Is There Ever an Occasion Where Sherry Isn’t the Answer?
Amontillado Sherry with Tapas.
This is not a facetious question. You may embrace some misguidedly modernist idea that Sherry is best left to gather dust in the cupboard, a relic of 1970s kitsch. You are not alone, but you are missing a mouth-watering chunk of wine’s unique pleasure spectrum.
The full gamut
Just as the word “beer” spans a stylistic leap from pale, thirst-quenching pilsner to dark, creamy stout, so does the Sherry category squeeze in pale, bone dry Manzanilla alongside deep gold, nutty Amontillado and the tooth-tinglingly sweet, dark delights of Pedro Ximenez. It’s a range that caters for every conceivable dish or indeed weather. Still cynical? Let’s test a few scenarios.
It’s a hot summer’s day with a picnic spread of fresh oysters, salty olives, garlic-fried langoustines, chilled gazpacho, fatty slivers of cured ham and perhaps some artichoke in a citrussy vinaigrette. What wine could possibly contend with so many assertive flavours? Try opening a chilled bottle of Manzanilla.
Not only does its salty freshness stand up beautifully to food that would defeat most other wines, it will also cleanse the palate as you meander happily from dish to dish. Just glance across at what your savvy neighbours are drinking next time you embark on a nocturnal tapas crawl through the bars of southern Spain.
This is also a drink that travels well, especially to places where seafood is prized. Try swapping sake for Sherry on your next sushi blow out. Meanwhile, Manzanilla, Fino and even Amontillado can all make perfect partners for the many smoked fish specialities of Scandinavian cuisine.
On a practical note, Sherry is one of very few wines to survive the indignity of being served in plastic or metal beakers on those al fresco dining occasions when delicate glassware is not a sensible option.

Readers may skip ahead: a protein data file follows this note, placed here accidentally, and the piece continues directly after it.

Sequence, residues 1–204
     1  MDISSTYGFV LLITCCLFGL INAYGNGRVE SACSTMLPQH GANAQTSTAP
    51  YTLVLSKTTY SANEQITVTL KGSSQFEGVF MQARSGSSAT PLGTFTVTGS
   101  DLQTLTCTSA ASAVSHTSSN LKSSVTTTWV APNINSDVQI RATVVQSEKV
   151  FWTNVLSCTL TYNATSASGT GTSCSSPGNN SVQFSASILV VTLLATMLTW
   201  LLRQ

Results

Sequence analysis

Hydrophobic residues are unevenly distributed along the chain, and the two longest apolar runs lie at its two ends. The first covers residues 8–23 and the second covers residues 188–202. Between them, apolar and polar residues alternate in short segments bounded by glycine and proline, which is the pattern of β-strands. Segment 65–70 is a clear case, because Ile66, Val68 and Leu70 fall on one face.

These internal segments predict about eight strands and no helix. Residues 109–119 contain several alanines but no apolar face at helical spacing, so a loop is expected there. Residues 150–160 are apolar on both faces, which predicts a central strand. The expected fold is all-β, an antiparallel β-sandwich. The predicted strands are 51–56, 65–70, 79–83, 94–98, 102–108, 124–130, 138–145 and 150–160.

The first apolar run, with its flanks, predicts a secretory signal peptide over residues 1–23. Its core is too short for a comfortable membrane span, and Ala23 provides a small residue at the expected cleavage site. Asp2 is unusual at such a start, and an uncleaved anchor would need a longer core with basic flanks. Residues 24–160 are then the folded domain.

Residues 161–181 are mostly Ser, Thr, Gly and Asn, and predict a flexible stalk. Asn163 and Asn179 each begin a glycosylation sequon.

Darker days, darker drinks
But summer doesn’t last forever. Especially for those who live at cooler latitudes, it is often the darker, oxidative Amontillado, Palo Cortado and Oloroso sherries that lend themselves best to both cuisine and climate. A winter’s evening sip of Amontillado with a handful of nuts – all Sherry cries out for some form of food, however simple – is a quietly civilised way to start the evening. Or try a glass with your bowl of warming soup. Even better, splash some into the soup as well.
On the game
These darker sherries are also the perfect companion for foragers and hunters, both as a warming tot in the hipflask and – hopefully – with the contents of your bag. Mushrooms on toast with amontillado is surely one of life’s simplest, more satisfying pleasures.
Mature red Burgundy may be the classic match with game, but give your wallet a rest and try Palo Cortado with roast partridge or braised rabbit, stepping up to a richer Oloroso to match the meatier venison or wild boar.
The nutty character of these Sherries is spot on with cheese too, especially mature, hard examples: think cheddar, Manchego, proper Gouda, Parmesan or that most wine friendly of all dairy products, Comté.
Dry sherries may be the most gastronomic, but don’t write off the sweet styles. On a drizzly day, sweet Cream Sherry with a slice of cake can lift teatime spirits. If producing dainty desserts isn’t your forte, then save time and stress by drizzling PX on good quality vanilla ice cream for a simple but stylish end to the meal.
Sharp-eyed pedants may note that we haven’t covered breakfast. Well if you spend the day before trying even half the matches suggested here then the next morning may well call for a reviving Bloody Mary, made with a dash of Fino of course.
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